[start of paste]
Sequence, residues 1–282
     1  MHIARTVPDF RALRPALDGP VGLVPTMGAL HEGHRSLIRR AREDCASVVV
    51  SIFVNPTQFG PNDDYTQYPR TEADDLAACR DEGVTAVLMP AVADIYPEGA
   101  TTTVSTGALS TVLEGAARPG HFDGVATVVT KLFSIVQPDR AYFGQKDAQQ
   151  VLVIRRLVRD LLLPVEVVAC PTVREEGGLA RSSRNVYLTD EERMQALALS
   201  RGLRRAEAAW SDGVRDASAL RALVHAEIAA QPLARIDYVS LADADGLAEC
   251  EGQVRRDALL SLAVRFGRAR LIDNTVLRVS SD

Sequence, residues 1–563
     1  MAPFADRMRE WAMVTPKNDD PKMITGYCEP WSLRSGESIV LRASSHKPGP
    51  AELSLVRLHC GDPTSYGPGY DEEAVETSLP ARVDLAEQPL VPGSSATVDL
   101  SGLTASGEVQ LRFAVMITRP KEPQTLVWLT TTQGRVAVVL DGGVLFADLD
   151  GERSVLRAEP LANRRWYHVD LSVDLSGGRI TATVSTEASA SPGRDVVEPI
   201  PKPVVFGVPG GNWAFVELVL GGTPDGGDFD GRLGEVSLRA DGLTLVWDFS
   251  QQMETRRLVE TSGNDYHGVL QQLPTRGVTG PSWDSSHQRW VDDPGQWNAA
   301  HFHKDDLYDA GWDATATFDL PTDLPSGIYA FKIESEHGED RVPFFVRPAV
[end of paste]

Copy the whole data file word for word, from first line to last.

Sequence, residues 1–282
     1  MHIARTVPDF RALRPALDGP VGLVPTMGAL HEGHRSLIRR AREDCASVVV
    51  SIFVNPTQFG PNDDYTQYPR TEADDLAACR DEGVTAVLMP AVADIYPEGA
   101  TTTVSTGALS TVLEGAARPG HFDGVATVVT KLFSIVQPDR AYFGQKDAQQ
   151  VLVIRRLVRD LLLPVEVVAC PTVREEGGLA RSSRNVYLTD EERMQALALS
   201  RGLRRAEAAW SDGVRDASAL RALVHAEIAA QPLARIDYVS LADADGLAEC
   251  EGQVRRDALL SLAVRFGRAR LIDNTVLRVS SD

Sequence, residues 1–563
     1  MAPFADRMRE WAMVTPKNDD PKMITGYCEP WSLRSGESIV LRASSHKPGP
    51  AELSLVRLHC GDPTSYGPGY DEEAVETSLP ARVDLAEQPL VPGSSATVDL
   101  SGLTASGEVQ LRFAVMITRP KEPQTLVWLT TTQGRVAVVL DGGVLFADLD
   151  GERSVLRAEP LANRRWYHVD LSVDLSGGRI TATVSTEASA SPGRDVVEPI
   201  PKPVVFGVPG GNWAFVELVL GGTPDGGDFD GRLGEVSLRA DGLTLVWDFS
   251  QQMETRRLVE TSGNDYHGVL QQLPTRGVTG PSWDSSHQRW VDDPGQWNAA
   301  HFHKDDLYDA GWDATATFDL PTDLPSGIYA FKIESEHGED RVPFFVRPAV